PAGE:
This epiphany coming more than 40 years since I first picked up a club, with a 27-year break for heavy drinking, has finally made me realise there is absolutely no point in doing a hobby you don’t enjoy and, actually, hate.

Most of us do jobs we don’t like and no end of people will tell you the key to happiness is to work at something you do enjoy – then it’s not like you’re working. So what’s the point in making yourself even more miserable in the time spent away from the office? None, zero, nada, zilch.

These trivial pursuits are ingrained into us from childhood. I always have a wry smile when I see the kids in the white suits being dragged to the Karate or the Taekwondo or whatever martial art they’re not going to be doing in a fortnight’s time. These places are giant dumping grounds, where parents pay top dollar for an hour’s respite and the chance to down a double espresso while quickly scan-reading the weekend’s papers.

Thousands of miles are covered driving the next Lionel Messi to football as dads, up and down the land, live out their dreams vicariously through their kids.

Everyone is dreaming of glory and riches, while the stressed-out child gets it from all angles. Luckily, I avoided all of this having been told by my father aged nine that I wouldn’t make it as a footballer and I’m eternally grateful for his professional candour. Harsh but fair.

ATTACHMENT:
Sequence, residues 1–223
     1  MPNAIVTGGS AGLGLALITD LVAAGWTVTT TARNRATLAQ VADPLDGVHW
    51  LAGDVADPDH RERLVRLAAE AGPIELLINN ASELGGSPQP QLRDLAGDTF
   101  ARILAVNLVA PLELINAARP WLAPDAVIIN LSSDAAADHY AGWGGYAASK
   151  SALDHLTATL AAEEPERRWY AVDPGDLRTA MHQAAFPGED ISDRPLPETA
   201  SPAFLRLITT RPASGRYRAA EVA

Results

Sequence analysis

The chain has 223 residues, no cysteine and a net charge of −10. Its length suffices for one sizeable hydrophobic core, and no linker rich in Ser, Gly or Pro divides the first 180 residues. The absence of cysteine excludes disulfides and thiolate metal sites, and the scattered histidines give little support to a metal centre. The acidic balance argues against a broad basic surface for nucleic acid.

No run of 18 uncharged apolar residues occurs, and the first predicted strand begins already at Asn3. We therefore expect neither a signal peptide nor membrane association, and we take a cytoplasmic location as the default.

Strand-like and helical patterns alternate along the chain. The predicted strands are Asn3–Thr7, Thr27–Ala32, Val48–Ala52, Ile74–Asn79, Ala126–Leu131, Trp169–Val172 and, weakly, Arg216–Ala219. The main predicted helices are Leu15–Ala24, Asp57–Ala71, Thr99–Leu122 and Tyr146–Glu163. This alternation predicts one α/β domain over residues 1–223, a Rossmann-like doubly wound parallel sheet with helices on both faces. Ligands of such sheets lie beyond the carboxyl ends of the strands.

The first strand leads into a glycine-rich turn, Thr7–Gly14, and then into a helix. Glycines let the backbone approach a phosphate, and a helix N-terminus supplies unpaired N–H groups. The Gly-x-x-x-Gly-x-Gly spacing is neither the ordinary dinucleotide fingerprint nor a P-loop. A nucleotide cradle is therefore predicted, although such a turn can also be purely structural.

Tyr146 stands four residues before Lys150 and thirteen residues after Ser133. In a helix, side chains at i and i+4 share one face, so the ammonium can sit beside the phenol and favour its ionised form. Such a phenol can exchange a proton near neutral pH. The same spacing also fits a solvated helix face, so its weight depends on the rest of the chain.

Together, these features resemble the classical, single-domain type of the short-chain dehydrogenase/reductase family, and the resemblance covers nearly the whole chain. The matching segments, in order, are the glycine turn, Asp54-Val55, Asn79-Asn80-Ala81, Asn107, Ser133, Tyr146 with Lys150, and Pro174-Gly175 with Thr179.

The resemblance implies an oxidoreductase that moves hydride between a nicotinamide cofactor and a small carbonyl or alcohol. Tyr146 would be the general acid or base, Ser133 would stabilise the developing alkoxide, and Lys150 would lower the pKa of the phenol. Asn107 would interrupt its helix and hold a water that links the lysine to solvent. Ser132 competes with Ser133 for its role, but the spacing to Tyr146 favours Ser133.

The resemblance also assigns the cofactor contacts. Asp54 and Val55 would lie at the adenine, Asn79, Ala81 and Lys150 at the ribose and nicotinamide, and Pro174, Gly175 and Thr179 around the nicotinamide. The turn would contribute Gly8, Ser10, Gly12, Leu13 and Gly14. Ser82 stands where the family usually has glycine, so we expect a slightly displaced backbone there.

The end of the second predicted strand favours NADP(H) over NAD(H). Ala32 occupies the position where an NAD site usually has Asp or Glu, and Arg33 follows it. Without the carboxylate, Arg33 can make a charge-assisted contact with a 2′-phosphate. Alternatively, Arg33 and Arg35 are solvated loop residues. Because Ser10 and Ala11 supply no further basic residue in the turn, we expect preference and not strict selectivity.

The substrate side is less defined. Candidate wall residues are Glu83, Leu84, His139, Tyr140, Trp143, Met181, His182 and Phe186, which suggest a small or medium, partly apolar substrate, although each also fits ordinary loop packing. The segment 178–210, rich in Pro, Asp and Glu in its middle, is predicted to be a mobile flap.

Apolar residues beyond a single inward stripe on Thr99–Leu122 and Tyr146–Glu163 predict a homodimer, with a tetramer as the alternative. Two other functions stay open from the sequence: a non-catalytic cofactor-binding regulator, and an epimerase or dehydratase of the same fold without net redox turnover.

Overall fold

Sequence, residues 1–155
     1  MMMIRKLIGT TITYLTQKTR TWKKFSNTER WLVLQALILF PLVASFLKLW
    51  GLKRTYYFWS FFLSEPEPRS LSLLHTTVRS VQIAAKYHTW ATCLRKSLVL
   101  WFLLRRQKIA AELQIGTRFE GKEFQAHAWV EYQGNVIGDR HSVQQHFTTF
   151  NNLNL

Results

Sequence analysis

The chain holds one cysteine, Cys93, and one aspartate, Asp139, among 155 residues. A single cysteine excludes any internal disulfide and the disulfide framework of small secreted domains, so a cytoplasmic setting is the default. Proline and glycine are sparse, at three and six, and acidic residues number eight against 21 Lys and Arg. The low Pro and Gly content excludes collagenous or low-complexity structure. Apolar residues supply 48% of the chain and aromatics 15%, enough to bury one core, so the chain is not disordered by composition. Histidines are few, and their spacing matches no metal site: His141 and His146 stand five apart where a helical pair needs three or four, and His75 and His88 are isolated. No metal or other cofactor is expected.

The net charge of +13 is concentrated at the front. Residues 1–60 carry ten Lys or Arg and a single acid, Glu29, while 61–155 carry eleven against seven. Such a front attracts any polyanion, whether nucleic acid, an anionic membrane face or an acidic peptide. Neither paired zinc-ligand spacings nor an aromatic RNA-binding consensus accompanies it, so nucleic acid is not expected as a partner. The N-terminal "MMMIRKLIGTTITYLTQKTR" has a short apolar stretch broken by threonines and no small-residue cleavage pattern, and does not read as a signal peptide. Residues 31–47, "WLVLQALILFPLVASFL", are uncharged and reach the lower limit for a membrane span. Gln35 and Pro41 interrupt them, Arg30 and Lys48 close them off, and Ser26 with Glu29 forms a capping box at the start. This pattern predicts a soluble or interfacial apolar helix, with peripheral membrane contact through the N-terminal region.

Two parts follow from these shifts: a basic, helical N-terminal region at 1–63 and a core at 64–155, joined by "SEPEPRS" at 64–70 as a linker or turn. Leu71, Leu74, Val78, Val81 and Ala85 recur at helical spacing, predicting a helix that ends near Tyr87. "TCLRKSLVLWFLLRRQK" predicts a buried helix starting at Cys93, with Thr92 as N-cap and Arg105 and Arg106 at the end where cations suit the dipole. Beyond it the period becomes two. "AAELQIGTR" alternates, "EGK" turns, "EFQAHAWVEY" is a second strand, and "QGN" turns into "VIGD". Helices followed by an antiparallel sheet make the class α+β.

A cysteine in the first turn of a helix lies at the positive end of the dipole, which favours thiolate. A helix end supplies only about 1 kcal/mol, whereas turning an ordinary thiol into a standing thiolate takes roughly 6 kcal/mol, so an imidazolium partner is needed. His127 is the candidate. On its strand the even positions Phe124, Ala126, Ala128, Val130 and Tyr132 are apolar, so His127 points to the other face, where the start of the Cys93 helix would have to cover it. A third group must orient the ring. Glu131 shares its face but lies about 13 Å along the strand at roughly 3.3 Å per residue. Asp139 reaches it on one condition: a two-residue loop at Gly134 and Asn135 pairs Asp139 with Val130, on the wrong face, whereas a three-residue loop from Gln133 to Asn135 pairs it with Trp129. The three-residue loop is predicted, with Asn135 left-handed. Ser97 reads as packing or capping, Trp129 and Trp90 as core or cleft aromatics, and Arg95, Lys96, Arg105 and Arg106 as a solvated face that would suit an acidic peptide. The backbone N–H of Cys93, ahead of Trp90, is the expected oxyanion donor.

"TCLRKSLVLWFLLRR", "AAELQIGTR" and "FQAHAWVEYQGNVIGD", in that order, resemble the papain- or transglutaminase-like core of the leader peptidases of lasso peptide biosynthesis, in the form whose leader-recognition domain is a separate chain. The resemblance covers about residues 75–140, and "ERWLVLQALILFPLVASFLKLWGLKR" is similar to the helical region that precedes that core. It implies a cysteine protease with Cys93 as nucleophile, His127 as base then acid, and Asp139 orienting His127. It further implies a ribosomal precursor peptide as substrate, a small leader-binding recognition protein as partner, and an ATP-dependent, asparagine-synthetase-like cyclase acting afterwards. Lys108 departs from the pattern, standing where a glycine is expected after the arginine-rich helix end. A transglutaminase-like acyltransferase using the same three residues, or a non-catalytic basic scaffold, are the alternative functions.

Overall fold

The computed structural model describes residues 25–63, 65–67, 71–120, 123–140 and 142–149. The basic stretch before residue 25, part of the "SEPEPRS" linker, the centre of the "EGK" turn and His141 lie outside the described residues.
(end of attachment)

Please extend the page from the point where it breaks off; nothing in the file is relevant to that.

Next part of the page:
This meant I was free to play for enjoyment. As kids, we tried everything from fencing to water polo with chess inbetween and I had a mate who we nicknamed Sport Billy after the popular cartoon character of the time.

One day he’d be off to the boxing, then he’d joined the Sea Scouts and the icing on the cake was the sight of him marching down Restalrig Road with an ice-hockey stick on his way to try out for the Murrayfield Racers. I don’t know who he was trying to kid as he’d started on the fags aged 11, was a regular at ‘smoker’s corner’ and we all knew that his real love and passion was for the snout.

So, what’s next dear reader? Certainly not a season ticket for Easter Road in my case or Tynecastle if you’re born of the maroon persuasion.

No way am I getting involved in that carnival of misery – another hangover from people’s childhoods. Trudging along grimly, paying a fortune and having to pretend you care about a bunch of sleeve-tattooed eejits, wondering where their next protein shake is coming from. Sack the board.

But I do need to find another hobby – buying too tight trousers online from M&S doesn’t count, five pair of chinos at the last count and I’m developing a love of getting parcels.

I’ve got the non-league football and the yoga and the Dobbies scene takes care of itself, but there’s room for something else. Don’t get me wrong, I like going to the gym but that’s not the same as playing sport and no-one wants to become the ‘champion of exercise’.

However fear not, for I have a cunning plan and can see the lure of the bowling club coming over the horizon...